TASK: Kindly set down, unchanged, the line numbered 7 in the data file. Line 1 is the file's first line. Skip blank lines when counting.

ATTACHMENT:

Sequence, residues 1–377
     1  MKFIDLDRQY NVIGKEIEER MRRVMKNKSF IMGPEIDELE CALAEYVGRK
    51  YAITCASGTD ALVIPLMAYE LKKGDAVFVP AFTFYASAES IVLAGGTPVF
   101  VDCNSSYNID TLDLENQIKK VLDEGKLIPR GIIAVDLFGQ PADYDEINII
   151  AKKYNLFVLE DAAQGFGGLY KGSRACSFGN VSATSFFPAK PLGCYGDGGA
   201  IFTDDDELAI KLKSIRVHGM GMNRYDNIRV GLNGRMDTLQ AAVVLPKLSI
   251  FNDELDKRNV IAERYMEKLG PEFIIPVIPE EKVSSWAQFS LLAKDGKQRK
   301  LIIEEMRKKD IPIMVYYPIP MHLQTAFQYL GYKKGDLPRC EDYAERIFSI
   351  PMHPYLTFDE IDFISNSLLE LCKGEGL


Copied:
   251  FNDELDKRNV IAERYMEKLG PEFIIPVIPE EKVSSWAQFS LLAKDGKQRK